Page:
The men who were elected mainly on the basis of their opposition to the West Fayetteville Bypass have now become supporters of the East Fayetteville Bypass.
The Fayette County Commission voted Thursday night to spend $1.42 million to acquire a large tract of land deemed necessary for construction of the East Bypass.
The move is surprising, as the commission has not formally voted to proceed with any portion of the East Bypass. The county has roughly $28 million left from the 2003 transportation sales tax approved by voters, and depending on the final layout of the project the East Bypass may completely exhaust those funds.
The parcel, currently owned by Nancy M. Campbell and Jean Desrosiers, is located at 340 Hewell Road in east Fayette County and is the home of The Links golf course. Commission Chairman Steve Brown said the land was about to be sold for potential subdivision development, and if that had occurred, it would have prevented the bypass from ever being built.
The tract is listed in county tax records as being valued at $1.65 million.
The bypass would extend from Ga. Highway 85 north to Ga. Highway 54, then to Truett Cathy Parkway/McDonough Road before ending at County Line Road and South Jeff Davis Drive on the border of Clayton County. While this road would primarily serve Clayton residents, the benefit to Fayetteville of moving traffic away from downtown is significant, Brown said.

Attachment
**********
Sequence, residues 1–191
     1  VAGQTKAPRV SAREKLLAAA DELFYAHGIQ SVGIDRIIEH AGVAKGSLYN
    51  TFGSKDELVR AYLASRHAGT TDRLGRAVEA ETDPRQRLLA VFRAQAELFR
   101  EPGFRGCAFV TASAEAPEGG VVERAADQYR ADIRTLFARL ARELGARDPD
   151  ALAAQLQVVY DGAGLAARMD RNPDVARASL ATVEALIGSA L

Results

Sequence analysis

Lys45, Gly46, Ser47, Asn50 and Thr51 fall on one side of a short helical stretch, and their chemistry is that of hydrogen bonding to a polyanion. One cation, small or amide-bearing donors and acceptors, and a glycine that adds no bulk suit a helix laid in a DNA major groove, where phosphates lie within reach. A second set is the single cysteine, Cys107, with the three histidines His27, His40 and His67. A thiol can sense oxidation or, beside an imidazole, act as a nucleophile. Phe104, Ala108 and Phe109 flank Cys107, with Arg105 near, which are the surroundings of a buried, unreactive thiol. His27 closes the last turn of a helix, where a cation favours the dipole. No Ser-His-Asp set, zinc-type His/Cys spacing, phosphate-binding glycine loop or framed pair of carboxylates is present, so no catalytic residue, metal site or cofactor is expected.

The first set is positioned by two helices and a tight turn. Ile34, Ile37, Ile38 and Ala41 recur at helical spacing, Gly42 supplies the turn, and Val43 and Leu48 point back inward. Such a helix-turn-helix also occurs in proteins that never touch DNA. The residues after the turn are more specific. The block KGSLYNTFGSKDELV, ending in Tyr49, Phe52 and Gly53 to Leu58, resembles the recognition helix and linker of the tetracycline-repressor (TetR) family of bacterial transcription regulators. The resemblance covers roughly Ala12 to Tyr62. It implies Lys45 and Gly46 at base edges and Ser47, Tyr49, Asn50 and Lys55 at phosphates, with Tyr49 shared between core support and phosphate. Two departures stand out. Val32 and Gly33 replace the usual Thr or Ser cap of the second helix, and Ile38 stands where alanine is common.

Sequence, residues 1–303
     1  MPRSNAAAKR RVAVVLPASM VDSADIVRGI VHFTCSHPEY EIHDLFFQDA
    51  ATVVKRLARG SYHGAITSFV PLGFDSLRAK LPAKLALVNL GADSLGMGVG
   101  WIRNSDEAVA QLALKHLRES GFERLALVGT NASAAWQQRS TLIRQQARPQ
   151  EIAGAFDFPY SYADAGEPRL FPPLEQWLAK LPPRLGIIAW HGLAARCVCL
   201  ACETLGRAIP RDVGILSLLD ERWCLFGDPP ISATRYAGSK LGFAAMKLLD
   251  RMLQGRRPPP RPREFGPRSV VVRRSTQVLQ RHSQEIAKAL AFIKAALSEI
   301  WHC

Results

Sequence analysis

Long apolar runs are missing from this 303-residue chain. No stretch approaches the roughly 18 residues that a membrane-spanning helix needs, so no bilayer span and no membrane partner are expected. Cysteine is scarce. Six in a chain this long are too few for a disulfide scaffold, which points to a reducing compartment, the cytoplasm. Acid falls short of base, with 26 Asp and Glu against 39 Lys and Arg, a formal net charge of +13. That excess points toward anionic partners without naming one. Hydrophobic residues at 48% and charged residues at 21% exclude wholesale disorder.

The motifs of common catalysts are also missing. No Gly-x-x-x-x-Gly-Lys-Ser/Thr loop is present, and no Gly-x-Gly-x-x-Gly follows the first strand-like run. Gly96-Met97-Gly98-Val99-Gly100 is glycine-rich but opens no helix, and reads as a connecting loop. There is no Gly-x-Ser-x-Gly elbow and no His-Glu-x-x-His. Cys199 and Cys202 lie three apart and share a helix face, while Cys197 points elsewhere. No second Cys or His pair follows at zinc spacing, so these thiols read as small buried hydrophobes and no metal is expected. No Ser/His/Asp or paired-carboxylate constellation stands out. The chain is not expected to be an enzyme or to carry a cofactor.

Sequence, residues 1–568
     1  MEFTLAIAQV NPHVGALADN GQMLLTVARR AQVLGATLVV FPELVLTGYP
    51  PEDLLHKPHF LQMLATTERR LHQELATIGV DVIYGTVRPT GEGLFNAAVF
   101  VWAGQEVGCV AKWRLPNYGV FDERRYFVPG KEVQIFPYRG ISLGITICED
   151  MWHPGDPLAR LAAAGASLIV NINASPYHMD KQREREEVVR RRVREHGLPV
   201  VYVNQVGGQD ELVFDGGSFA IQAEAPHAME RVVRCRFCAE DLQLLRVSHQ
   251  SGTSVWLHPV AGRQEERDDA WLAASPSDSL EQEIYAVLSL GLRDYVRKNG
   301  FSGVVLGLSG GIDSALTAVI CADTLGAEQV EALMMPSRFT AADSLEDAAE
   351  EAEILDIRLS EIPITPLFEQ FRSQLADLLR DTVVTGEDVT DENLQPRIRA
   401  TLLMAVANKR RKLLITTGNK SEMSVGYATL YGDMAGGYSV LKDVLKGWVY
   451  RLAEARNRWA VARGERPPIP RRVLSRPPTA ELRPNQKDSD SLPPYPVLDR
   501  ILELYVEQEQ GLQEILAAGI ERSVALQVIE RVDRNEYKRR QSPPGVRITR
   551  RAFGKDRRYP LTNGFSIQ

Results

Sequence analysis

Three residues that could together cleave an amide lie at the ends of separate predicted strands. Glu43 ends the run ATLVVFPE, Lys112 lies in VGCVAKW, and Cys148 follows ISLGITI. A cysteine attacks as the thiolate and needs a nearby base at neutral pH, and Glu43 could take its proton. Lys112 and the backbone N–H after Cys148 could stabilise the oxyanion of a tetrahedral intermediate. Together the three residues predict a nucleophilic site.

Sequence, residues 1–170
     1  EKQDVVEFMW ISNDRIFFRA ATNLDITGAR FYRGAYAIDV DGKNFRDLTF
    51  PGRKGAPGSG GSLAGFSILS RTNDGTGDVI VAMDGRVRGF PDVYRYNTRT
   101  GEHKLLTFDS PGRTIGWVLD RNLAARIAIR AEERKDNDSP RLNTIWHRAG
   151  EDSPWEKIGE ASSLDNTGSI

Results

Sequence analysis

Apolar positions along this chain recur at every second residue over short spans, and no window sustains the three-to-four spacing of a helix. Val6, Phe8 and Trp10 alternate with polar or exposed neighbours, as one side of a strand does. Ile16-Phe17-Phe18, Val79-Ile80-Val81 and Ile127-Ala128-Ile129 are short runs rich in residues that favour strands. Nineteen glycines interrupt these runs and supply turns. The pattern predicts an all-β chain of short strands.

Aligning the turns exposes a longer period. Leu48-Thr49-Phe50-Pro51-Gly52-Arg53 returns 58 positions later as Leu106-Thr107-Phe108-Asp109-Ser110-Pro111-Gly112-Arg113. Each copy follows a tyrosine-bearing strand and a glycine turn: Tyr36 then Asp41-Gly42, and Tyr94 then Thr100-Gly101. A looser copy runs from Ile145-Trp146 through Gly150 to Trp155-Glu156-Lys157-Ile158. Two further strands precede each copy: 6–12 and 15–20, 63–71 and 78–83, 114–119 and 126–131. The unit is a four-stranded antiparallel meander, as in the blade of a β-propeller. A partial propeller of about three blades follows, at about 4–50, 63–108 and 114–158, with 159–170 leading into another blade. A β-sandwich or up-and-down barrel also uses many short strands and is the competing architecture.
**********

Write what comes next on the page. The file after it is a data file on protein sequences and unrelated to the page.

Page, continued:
Brown noted that he has long been a proponent of the East Bypass as a way to divert traffic around Fayetteville’s downtown area.
“The main purpose is to divert the people from south of us, Spalding people and below us, from getting on Highway 85,” Brown said. “It will also divert the Clayton County, Panhandle and Henry County traffic coming this way to go north. … It’s how do you keep from absolutely bogging Georgia 85 down? That’s been the purpose of that road all along.”
The decision came down to knowing there was a time crunch on the future of the golf course, as the owner was ready to sell, Brown noted.
“We knew a developer was going to buy that piece of property, and if he builds it with 200 houses on it, it’s all over with. You’ll never build that road. It’ll be too controversial,” Brown said.
In the meantime, the county is looking at various construction options for the East Bypass, but having the golf course land gives the county some time, as the other pieces of the bypass will be much easier to put into place, such as the widening of Corinth Road, Brown said.
“We’re looking at possibilities,” Brown said. “Obviously you’ve got to have funding for it. I’m not telling you we’ll have the road built in three years, but we are moving forward with the project, that’s safe to say.”
The vote to purchase the golf course came after the commission went into executive (closed) session and returned back into open session, as allowed and required by Georgia law.